FBI was biased on bombing analysis, report says Lab findings on Okla. case favored prosecution

errors may have hurt evidence

March 22, 1997|By LOS ANGELES TIMES

WASHINGTON -- The Justice Department inspector general's office has determined that the FBI crime laboratory made "scientifically unsound" conclusions in the Oklahoma City bombing case, finding that supervisors approved lab reports they "cannot support" and many analyses were "biased in favor of the prosecution."

The still-secret draft report, obtained by the Los Angeles Times, also concludes that FBI lab officials may have erred about the size of the blast and the amount of explosives involved and may not know for certain that ammonium nitrate was used for the main charge that killed 168 people and injured more than 500 others.

The draft report shows that FBI examiners could not identify the triggering device for the truck bomb or how it was detonated on April 19, 1995, and it warns that a poorly maintained lab environment could have led to contamination of critical pieces of evidence, such as debris found on the clothing of defendant Timothy J. McVeigh.

If entered into evidence at McVeigh's trial, scheduled to begin March 31, the draft report could provide a measure of doubt about whether bomb residue evidence was properly handled and professionally examined by experts at the Washington lab. Forensic evidence is an important element of the government's largely circumstantial case against McVeigh and co-defendant Terry L. Nichols.

The FBI has refused to comment until the report is in its final form, which is expected next month. That final report is likely to be adjusted to reflect FBI responses to the conclusions in the draft.

However, FBI Director Louis J. Freeh has told Congress that the bureau does not believe the final report will compromise any pending cases.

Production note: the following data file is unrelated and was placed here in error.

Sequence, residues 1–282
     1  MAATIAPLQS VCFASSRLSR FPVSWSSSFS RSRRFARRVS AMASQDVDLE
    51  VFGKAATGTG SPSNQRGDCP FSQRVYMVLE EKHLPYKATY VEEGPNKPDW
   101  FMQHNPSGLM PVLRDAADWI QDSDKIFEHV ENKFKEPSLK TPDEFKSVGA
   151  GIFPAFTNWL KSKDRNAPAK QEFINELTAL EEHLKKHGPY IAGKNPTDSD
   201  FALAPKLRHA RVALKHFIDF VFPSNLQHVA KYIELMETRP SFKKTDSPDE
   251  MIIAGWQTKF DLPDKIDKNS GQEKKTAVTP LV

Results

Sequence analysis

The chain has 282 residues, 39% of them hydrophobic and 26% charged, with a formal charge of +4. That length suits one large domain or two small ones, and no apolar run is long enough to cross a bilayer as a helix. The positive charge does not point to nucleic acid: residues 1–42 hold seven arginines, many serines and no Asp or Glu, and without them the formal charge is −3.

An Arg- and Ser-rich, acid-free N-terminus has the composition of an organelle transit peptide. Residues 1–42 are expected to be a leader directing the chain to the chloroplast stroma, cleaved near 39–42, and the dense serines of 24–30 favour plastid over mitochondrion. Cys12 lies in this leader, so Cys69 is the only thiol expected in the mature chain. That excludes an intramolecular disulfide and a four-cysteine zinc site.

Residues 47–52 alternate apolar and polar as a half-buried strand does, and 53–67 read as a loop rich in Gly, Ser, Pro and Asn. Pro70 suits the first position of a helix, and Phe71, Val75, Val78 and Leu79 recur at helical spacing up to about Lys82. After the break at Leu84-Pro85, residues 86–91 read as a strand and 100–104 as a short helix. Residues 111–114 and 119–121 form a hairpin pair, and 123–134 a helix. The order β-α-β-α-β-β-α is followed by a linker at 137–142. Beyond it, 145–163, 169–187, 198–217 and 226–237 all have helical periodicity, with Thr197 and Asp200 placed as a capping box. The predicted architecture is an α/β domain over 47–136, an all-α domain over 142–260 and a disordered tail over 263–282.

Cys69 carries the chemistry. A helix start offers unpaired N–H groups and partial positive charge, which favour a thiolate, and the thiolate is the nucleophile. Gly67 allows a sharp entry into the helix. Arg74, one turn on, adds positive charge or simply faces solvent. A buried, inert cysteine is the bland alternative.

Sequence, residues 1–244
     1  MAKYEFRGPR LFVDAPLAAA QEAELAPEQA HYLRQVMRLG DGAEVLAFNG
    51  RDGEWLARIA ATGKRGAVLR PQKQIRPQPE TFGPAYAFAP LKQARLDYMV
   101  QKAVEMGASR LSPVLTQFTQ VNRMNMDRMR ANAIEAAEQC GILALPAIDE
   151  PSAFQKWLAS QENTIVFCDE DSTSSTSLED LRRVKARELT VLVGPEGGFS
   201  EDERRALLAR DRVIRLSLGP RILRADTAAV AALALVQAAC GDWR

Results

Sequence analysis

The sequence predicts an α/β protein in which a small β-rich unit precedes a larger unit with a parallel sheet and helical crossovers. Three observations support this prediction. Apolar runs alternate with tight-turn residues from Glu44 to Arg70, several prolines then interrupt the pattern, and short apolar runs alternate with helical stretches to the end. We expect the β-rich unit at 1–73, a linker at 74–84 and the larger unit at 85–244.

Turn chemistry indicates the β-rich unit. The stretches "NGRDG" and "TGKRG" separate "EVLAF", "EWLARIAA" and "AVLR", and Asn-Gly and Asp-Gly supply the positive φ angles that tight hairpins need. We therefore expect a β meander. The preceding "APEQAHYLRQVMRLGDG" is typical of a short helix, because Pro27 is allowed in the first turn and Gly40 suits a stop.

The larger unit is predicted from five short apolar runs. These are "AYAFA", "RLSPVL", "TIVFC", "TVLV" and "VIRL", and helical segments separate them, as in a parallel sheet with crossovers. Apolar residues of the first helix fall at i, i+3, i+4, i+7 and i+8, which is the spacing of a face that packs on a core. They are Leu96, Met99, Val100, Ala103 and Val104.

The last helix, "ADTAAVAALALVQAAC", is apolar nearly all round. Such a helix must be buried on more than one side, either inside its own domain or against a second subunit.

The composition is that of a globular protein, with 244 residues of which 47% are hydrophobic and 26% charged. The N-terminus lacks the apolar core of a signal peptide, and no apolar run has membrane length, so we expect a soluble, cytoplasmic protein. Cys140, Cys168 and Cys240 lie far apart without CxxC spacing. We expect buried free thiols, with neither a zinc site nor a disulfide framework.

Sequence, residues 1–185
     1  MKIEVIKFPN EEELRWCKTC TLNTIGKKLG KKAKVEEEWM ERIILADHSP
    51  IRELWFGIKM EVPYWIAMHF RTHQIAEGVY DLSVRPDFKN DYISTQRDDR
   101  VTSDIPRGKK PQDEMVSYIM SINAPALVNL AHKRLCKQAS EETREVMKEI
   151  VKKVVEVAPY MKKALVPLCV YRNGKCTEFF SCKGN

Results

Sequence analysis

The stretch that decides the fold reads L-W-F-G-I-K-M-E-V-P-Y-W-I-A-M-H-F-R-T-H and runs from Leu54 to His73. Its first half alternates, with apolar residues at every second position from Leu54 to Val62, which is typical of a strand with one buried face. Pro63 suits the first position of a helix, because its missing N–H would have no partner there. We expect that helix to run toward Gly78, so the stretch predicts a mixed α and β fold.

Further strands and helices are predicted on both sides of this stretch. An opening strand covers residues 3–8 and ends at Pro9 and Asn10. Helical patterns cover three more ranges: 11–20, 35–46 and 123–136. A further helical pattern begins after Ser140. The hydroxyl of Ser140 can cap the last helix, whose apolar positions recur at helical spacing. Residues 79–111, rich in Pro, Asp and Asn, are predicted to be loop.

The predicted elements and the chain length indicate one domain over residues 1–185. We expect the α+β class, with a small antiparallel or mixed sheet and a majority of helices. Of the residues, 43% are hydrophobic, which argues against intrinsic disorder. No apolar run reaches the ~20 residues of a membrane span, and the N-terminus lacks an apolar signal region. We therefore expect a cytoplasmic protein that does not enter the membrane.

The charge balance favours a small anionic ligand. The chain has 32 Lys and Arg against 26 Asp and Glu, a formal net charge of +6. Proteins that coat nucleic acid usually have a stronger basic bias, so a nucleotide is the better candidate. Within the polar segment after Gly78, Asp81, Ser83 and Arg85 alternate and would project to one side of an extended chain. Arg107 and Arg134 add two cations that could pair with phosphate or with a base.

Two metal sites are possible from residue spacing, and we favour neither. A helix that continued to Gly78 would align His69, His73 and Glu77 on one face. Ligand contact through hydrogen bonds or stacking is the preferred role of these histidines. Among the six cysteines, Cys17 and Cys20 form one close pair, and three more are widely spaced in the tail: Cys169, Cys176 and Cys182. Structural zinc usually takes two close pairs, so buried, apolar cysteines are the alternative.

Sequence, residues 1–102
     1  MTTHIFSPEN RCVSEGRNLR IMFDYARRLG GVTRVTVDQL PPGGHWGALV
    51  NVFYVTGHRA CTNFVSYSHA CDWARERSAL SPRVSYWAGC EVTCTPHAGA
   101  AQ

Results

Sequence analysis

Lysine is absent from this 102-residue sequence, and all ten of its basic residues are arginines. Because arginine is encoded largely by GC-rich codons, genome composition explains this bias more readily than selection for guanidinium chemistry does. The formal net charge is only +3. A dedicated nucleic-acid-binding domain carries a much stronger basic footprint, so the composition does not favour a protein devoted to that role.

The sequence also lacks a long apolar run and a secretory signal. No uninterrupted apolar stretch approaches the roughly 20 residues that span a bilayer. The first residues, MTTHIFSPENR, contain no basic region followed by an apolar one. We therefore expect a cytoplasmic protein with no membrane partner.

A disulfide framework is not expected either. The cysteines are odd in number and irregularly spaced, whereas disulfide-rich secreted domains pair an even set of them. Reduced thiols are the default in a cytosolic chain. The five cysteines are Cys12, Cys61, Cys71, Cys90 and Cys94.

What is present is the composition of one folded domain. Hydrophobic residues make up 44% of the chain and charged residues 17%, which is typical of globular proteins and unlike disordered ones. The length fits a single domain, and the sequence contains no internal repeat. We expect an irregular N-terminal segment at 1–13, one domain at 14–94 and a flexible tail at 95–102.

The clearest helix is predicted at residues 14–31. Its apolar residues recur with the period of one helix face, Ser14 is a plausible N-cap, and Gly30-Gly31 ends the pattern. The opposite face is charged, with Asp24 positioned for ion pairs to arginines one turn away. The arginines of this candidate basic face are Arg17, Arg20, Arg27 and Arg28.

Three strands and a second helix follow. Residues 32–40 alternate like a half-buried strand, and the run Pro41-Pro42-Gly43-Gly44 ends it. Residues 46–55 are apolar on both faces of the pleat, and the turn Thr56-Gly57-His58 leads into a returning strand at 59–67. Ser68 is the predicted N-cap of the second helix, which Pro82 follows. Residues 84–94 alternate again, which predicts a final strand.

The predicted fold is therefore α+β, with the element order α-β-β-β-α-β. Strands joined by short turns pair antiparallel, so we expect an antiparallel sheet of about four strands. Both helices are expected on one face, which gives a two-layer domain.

Aside from its impact on the bombing of the Alfred P. Murrah Federal Building in Oklahoma City, the report raises serious questions about the integrity of FBI supervisors, particularly James T. Thurman, who as chief of the lab's Explosives Unit (EU) played a key role in overseeing the examination of forensic evidence.

The Justice investigation began following complaints by Frederic Whitehurst, an FBI chemist and the principal whistle-blower on problems at the lab. While confirming many accusations made by Whitehurst and others, the report also knocks down a number Whitehurst's charges. "We conclude that Whitehurst's numerous other contentions lack merit," the report states.

That determination could endanger a crucial part of McVeigh's defense strategy, particularly because his attorneys have been relying heavily on Whitehurst's allegations and may call him to the stand as a witness for McVeigh.

The report could also lead to a bitter legal fight over its admissibility at the trial.

The draft is so tightly held -- and so potentially important to the case -- that U.S. District Judge Richard P. Matsch took the unusual step last month of signing a written order strictly prohibiting either side from discussing the report or providing it to others.

He ruled that the lawyers were not to use the draft version of the report in pretrial hearings or during the McVeigh trial "in any form or for any purpose whatsoever."

The report also addressed the accuracy of the primary whistle-blower, Whitehurst, and sharply criticized him for raising concerns that could not be substantiated. That characterization follows earlier FBI findings that Whitehurst often relied on rumors, spread false innuendoes and "thinks no one has more credibility than himself."

The draft report dismisses his allegations that dictated lab notes were incomplete or inaccurate, as well as his suggestion that a secondary explosion may have followed the main blast.

Also discounted was Whitehurst's contentions that signs of "pitting and cratering" on the Ryder truck's rear door latch, found the scene, suggested that the bomb actually exploded at a much higher velocity.

As they did with many other Whitehurst allegations, the inspector general's report says, simply, about the door latch: "Whitehurst is incorrect."

Pub Date: 3/22/97

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